It must be tough, being put on a pedestal. It’s the price of success – expectations are raised, and people start using words like “benchmark” when they talk about you and sometimes, the weight of past triumphs is so pressing that even a great performance feels inadequate.
Won the league three years in a row? Fantastic. Pat on the back, tea and cake all round (that’s how footballers celebrate, right?) But you’d better not come second next year.
Pity, then, the team behind the current Porsche Boxster.
For pretty much as long as mankind has walked upright on two legs, it seems, the Boxster has ruled the roost among sports convertibles.
For 2016, however, a couple of Big Decisions were taken that rather shifted the goalposts for the fourth edition of this all-conquering car.
Gone are the flat six 2.8 or 3.4 litre engines, replaced by a four-pot turbocharged unit.
And to mark this unwished-for switch, in comes a new name – the 718, which only serves to confuse things. It already had an internal-use three-digit model number, like all Porsches (982); this is an extra bit of detail.
It’s intended to hark back to the original Porsche 718, a four-cylinder racer from the 1960s, by all accounts a successful but pretty obscure piece of Porsche history.
So how was this going to affect the character of the Boxster? I had a couple of clear days and some quiet Kent roads to find out.
Picking the car up, my first impressions were pretty good. I think the Boxster looks are better than ever – it has come a long way since the big-eyed, soft- nosed days of the 986.
The front lights and grille are keen, enthusiastic without being steroid-pumped with aggression, and there’s a waspish feel to the rear. Moreover, the one in front of me is bright orange with black wheels and yellow brake calipers. It looks like a box of fireworks.
Happily, that is not a misleading impression.
Even on my way out of London, picking a path through Croydon’s traffic, it’s obvious this is a car that doesn’t care for its leash. I’m driving the Boxster S with Sport Chrono pack and (such a rarity now) a manual gearbox.
Or, as Porsche should describe it, a recipe for cackling wickedly down B-roads. Oh my, this is a fun car. Paddle-shift automatics are fine for buying the throttle in a straight line and pretending you’re an F1 driver, pulling up gear after gear in seamless acceleration.
But this manual, with its short travel and springy clutch, feels even more racy. 2nd-3rd-4th and back again is all you really ever need, and it does not get dull.
Doing a little bit of a circuit between Biggin Hill, Tunbridge Wells and Brands Hatch, it’s apparent that the 718 doesn’t need perfect conditions to do its thing. I cycle these roads and some of them aren’t great, but the Porsche – which is by no means woolly – absorbs bumps and bad surfaces with aplomb.
The best balance I found was to have the Sport Chrono dial (a neat little rotary switch on the wheel) in Sport Plus, and keep the dampers in their softer setting, but even in the stiffer mode, it’s bearable.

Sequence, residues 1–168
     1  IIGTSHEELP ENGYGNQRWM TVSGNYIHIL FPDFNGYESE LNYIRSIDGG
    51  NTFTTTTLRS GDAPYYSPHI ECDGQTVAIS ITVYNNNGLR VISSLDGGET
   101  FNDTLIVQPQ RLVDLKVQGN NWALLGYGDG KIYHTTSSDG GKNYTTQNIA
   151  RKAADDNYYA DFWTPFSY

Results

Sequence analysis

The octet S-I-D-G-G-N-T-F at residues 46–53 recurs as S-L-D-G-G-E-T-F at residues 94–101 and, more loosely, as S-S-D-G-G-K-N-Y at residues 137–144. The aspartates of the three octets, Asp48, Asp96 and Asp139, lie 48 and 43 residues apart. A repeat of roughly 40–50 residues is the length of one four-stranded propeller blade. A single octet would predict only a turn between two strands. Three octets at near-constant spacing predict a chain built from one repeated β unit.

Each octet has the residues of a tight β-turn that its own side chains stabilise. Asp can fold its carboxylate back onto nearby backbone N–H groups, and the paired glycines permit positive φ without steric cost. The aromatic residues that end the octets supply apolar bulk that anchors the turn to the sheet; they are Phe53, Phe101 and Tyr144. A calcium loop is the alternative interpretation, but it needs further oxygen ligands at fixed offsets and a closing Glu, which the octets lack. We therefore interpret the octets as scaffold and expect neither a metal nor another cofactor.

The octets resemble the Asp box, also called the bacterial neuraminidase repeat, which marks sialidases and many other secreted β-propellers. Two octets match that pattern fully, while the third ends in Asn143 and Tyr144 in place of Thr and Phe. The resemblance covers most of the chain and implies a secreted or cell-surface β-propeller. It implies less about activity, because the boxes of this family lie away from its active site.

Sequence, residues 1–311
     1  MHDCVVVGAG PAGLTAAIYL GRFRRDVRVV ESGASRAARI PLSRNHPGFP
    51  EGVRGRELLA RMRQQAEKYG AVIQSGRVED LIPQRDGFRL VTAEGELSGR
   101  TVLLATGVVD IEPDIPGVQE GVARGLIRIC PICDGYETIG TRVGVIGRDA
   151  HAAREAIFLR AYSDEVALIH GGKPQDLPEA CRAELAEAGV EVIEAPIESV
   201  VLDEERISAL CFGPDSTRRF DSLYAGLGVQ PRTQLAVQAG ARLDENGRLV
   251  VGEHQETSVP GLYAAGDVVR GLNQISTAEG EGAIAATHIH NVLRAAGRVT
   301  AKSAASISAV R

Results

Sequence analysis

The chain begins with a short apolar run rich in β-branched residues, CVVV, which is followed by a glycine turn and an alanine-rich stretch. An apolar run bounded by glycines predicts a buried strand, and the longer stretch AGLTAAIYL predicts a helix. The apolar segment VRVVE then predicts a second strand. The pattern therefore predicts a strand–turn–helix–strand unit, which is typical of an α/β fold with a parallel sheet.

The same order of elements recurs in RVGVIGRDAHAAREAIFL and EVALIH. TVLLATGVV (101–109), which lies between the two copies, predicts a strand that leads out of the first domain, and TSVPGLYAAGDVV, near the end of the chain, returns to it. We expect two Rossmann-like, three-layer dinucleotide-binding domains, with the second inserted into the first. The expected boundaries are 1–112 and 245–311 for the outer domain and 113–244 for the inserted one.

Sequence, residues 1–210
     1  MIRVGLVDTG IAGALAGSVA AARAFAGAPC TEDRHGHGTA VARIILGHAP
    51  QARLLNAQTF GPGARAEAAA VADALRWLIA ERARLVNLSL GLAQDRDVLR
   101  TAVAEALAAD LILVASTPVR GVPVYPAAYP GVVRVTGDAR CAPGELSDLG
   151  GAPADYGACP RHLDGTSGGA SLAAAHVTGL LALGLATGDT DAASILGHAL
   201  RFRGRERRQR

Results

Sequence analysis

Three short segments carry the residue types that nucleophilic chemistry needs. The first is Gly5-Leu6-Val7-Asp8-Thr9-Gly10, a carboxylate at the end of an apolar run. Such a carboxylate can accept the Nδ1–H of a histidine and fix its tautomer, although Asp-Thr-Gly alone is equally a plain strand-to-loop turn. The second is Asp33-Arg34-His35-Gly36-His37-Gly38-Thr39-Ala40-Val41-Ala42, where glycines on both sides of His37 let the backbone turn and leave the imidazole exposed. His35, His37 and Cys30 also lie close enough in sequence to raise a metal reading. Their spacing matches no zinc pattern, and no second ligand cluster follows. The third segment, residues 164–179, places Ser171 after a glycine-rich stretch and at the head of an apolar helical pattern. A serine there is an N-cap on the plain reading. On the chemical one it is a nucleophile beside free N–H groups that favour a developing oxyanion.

The driving position and visibility reward involved driving quite upright, but combined with the very direct steering it lets you really place the front wheels exactly where you want them.
You’ll be too involved to sit back and notice the interior, at least for probably the first month, but when you do you’ll see it’s typically well put together.
Porsche manages to walk the line between generic, intuitive controls and doing everything their own way, so it’s easy to use with small details that stand out – the way the navigation display pops into the dash of its own accord when you’re following directions, for example.
We need to come to the elephant in the room though – that engine. It should be obvious by now that Porsche has lived up to past successes in terms of handling and looks, but what about the most important bit?
It’s not wanting for power, that’s for sure. The 718 S makes 345 horsepower, enough to get you from 0-60 in 4.4 seconds and up to 177 mph. That’s turbocharging for you; more from less.
The turbo is noticeable – kicks in around 2500 revs – but once it’s there, it’s there to stay, and that mid-range from 2nd to 4th is blessed with power.
The deal-breaker for some will be the noise. Try as you might, you can’t make four turbocharged cylinders sound like six natural ones, and the 718 does not make one of the all-time great engine notes.
It sounds like an angry lawnmower at times – at others, just plain angry. It snaps and bangs a bit but can’t hide the fact it isn’t particularly musical. The good news is you’re probably having too much fun to notice.
It certainly didn’t put me off the car as a whole. And with the roof up, it’s less obvious.
The silhouette with the roof up is smooth, and it feels oddly “proper” to have a canvas roof in this age of transformer-esque metal lids. But the sun shone the entire time I drove the 718 – and if that isn’t a sign, I don’t know what is.
Photographs by Rahul Khona for Asian Wealth Magazine.
The House by Daniel Arsham has taken over the Corner Shop space for the festive season at Selfridges department store in the capital. And with a new, artistic interpretation of. MORE
The new McLaren Elva is a ferociously fast open-cockpit car; an extreme two-seater with a bespoke carbon fibre chassis and body…but no roof, no windscreen and no side windows. With. MORE
Standing on the axis of Islington, Shoreditch, Farringdon and the City, the Atlas Building is the most exciting development in the heart of London’s most creative neighbourhood. The Asian Wealth team. MORE